Monday Links from the Virtual Workbench Vol. XXXX Monday Links from the Virtual Workbench Vol. XXXX
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  1. #1

    My post count is Majestic

    NickFitz has reached the peak. Play again?

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    Default Monday Links from the Virtual Workbench Vol. XXXX

    Whoops, a bit late today - I'm up to my elbows in parsers at the moment:

    • Comma quirk irks Rogers - One for the grammar Nazis: "A grammatical blunder may force Rogers Communications Inc. to pay an extra $2.13-million to use utility poles in the Maritimes after the placement of a comma in a contract permitted the deal's cancellation."

    • Master-Keyed Lock Vulnerability - "In a recent research paper, we describe weaknesses in most master-keyed lock systems, such as those used by offices, schools, and businesses as well as by some residential facilities (particularly apartment complexes, dormitories, and condominiums). These weaknesses allow anyone with access to the key to a single lock to create easily the "master" key that opens every lock in the entire system. Creating such a key requires little skill, leaves behind no evidence, and does not entail engaging in recognizably suspicious behavior." This page is just the summary - the PDF paper it links to gives you all the details you need.

    • How facts backfire - "Facts don’t necessarily have the power to change our minds. In fact, quite the opposite. In a series of studies in 2005 and 2006, researchers at the University of Michigan found that when misinformed people, particularly political partisans, were exposed to corrected facts in news stories, they rarely changed their minds. In fact, they often became even more strongly set in their beliefs. Facts, they found, were not curing misinformation. Like an underpowered antibiotic, facts could actually make misinformation even stronger." I thought of General when I read this article.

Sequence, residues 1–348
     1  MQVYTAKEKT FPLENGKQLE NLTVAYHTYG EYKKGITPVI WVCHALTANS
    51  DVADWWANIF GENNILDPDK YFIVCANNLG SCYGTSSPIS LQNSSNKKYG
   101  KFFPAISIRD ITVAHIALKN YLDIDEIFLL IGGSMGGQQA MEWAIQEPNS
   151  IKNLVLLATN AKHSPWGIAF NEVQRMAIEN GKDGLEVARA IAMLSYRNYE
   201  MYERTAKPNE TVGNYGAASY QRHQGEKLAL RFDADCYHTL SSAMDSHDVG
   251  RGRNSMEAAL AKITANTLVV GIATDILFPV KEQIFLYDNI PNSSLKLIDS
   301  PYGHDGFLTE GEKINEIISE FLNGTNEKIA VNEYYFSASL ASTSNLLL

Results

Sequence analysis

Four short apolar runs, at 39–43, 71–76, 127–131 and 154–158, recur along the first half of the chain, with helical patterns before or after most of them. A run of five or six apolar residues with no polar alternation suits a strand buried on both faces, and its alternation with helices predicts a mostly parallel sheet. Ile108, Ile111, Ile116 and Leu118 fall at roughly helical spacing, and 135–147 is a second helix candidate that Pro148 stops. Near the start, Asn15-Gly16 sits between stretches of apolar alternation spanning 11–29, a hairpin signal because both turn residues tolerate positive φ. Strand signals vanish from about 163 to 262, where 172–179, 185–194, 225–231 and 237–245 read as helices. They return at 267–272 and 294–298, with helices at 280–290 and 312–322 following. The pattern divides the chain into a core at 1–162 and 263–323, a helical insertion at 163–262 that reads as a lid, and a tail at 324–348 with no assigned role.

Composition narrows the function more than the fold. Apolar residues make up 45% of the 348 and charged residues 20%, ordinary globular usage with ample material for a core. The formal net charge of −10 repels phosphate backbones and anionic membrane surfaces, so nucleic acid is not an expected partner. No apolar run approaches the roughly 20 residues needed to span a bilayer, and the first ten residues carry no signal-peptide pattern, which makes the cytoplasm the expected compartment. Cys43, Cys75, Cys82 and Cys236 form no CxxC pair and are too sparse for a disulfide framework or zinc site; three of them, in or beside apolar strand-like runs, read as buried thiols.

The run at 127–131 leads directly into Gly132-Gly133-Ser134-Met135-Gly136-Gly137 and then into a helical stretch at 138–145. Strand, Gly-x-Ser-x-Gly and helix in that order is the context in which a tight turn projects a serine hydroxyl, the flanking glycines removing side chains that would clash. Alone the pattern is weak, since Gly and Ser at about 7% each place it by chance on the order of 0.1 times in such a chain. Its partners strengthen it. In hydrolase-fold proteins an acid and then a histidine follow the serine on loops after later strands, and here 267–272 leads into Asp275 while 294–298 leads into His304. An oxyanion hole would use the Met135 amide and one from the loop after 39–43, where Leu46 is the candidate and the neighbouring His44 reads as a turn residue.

• Infinite Space: An Argument for Single-Sharded Architecture in MMOs - Kjartan Emilsson goes into exhaustive detail about the architecture of the game universe EVE Online. "The single-sharded nature of the game enables the formation of a single coherent society and makes it much more likely that the elected players will form a representative cross-section of the interests of the electorate. Because everyone is sharing a single server, and thus a single social context, the community has a common baseline for discussion and debate, and famous figures are more likely to be known to the entire player base rather than just fragments thereof."

    • Vintage Technology: Calculators - "1970s Vintage desktop and pocket calculators listed by company (129 identified brands, 585 calculators)." Zeity probably has most of these.

    • Never-Seen: Hells Angels, 1965 - "In early 1965, LIFE photographer Bill Ray and writer Joe Bride spent several weeks with a gang that, to this day, serves as a living, brawling embodiment of our schizoid relationship with the rebel: the Hells Angels. Here, in a gallery of never-published photographs, Ray and Bride recall their days and nights with Buzzard, Hambone, Big D, and other Angels (and their "old ladies") at a time when the roar of Harleys and the sight of long-haired bikers was still new, alien, and for the average, law-abiding citizen, simply terrifying."

    • A user’s guide to websites, part 1: If it wasn’t broken why fix it? - Dan Catt, formerly of flickr and now at The Grauniad, discusses the problems of scaling a web application as the number of users increases.

    • Hellhole - "The United States holds tens of thousands of inmates in long-term solitary confinement. Is this torture? Atul Gawande talked to several people who had spent prolonged periods in solitary confinement, including convicts and Beirut hostages, for this in-depth article.